Our Bodies is also unique in that the relationship between the visual and conceptual aspects of the poem is literal. In a way you're watching the 'poet' recite the material, which is the antithesis of what contemporary poetry film typically does, but this literalness is subverted by the fact that the piece is a species of remix; the speaker of the poem is not really the poet, nor is he speaking his original intended message but rather a remixed message of my design. My use of split screen and screen within screen was a conscious nod to these manipulations. I'm the puppeteer, but in a benign way. This plays into the poem's unavoidable Christian subtext: as maker, I controlled Roberts in a 'God-like' way.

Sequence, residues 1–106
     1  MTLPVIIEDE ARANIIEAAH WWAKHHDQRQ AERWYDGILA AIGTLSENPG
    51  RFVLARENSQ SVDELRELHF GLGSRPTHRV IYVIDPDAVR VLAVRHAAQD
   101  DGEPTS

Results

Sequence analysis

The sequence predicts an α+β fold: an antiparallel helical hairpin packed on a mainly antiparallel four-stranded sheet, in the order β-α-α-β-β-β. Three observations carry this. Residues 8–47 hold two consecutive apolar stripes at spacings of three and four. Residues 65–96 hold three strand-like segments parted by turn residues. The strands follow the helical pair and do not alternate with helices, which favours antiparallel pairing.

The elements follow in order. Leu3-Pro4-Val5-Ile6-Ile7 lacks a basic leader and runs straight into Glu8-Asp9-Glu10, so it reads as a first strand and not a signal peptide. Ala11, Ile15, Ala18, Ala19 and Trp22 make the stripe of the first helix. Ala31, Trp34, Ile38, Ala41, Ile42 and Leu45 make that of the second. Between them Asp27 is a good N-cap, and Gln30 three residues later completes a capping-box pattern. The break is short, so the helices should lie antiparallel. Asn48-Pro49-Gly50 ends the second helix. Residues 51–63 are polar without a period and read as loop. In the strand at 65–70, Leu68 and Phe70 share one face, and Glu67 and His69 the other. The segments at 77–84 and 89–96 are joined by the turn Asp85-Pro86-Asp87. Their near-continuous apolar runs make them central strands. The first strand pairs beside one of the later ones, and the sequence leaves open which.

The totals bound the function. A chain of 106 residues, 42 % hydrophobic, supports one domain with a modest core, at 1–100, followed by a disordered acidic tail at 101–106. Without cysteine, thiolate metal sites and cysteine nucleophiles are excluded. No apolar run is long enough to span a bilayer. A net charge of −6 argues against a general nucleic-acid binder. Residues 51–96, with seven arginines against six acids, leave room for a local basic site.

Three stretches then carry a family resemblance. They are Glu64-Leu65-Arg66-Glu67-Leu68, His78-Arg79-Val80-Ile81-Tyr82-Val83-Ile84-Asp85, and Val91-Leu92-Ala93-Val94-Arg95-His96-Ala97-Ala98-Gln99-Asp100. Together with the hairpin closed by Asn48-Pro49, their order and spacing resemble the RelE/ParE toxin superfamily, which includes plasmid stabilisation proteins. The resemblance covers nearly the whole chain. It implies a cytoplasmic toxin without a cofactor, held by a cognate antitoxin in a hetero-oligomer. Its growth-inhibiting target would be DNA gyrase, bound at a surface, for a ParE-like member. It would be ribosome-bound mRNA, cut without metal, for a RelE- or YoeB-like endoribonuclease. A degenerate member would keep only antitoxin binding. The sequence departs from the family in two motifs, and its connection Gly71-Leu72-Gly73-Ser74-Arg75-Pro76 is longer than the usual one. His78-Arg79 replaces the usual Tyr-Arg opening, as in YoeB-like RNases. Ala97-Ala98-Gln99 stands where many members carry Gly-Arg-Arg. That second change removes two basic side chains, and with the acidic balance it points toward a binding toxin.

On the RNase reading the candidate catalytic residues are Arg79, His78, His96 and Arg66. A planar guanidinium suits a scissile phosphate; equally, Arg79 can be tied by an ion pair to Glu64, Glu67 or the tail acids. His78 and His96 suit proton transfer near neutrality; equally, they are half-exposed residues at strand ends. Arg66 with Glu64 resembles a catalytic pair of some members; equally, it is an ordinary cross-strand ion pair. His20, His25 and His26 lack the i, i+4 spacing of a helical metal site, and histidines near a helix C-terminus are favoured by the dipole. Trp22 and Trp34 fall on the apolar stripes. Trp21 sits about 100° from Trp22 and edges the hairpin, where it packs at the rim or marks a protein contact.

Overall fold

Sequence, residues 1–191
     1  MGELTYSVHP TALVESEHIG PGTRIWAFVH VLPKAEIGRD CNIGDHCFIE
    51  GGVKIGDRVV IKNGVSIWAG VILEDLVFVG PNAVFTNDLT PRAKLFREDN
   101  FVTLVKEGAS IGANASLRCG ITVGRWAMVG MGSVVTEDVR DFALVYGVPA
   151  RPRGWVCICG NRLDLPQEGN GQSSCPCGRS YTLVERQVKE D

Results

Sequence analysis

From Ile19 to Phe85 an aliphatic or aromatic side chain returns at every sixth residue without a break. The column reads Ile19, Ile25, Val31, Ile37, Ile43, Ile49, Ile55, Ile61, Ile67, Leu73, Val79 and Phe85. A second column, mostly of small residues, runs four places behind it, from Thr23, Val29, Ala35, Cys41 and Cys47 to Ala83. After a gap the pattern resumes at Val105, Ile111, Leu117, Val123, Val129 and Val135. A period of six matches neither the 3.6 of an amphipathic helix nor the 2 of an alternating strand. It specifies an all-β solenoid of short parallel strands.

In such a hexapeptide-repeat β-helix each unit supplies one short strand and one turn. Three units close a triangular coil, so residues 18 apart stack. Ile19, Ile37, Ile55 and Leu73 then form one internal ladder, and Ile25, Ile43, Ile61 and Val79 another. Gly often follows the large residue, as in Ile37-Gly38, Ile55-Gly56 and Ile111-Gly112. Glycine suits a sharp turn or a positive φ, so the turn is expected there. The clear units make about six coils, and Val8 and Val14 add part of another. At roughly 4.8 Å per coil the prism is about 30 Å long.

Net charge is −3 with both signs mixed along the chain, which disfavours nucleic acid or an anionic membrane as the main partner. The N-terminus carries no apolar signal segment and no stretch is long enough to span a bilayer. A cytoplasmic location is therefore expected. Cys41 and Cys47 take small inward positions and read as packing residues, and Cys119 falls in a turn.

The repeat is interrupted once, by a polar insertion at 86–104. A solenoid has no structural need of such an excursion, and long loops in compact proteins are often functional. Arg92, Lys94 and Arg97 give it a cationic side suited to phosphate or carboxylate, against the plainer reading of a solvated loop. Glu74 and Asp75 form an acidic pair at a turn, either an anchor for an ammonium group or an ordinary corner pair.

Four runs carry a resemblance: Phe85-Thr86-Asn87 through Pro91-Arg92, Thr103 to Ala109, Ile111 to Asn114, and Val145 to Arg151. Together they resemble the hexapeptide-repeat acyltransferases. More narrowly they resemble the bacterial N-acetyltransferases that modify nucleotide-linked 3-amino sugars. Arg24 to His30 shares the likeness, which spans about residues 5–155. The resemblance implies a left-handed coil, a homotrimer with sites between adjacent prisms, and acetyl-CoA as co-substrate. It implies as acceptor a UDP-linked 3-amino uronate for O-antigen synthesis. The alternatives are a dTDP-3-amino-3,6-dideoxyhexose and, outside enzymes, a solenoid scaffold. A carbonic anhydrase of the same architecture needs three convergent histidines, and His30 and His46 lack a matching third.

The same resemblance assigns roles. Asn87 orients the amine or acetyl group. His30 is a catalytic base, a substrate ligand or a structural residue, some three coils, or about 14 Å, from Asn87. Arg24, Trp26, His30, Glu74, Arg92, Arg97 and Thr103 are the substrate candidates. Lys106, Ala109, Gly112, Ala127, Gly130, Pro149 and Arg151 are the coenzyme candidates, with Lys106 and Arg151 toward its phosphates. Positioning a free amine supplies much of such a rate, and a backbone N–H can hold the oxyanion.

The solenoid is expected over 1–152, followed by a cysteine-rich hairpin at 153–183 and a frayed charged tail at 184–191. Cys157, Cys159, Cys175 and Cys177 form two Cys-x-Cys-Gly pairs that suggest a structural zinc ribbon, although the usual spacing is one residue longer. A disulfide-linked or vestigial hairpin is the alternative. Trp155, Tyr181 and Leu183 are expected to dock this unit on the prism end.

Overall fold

However, it was also very important to me to not mock Roberts' beliefs because his sincerity directly feeds the sincerity of what I'm trying to say with this piece. He is my spokesman. I wasn't out to undermine him or chastise Christianity. The goal was to articulate my belief in the subtext of religion, the human side of it, the fact that regardless of if God is or isn't, it's us in our bodies on this planet who are trying to figure out how to live with ourselves and each other. Our Bodies is a call to realize our universal human holiness, the acknowledgement of which can go a long way toward alleviating a good deal of the evil and suffering in our world.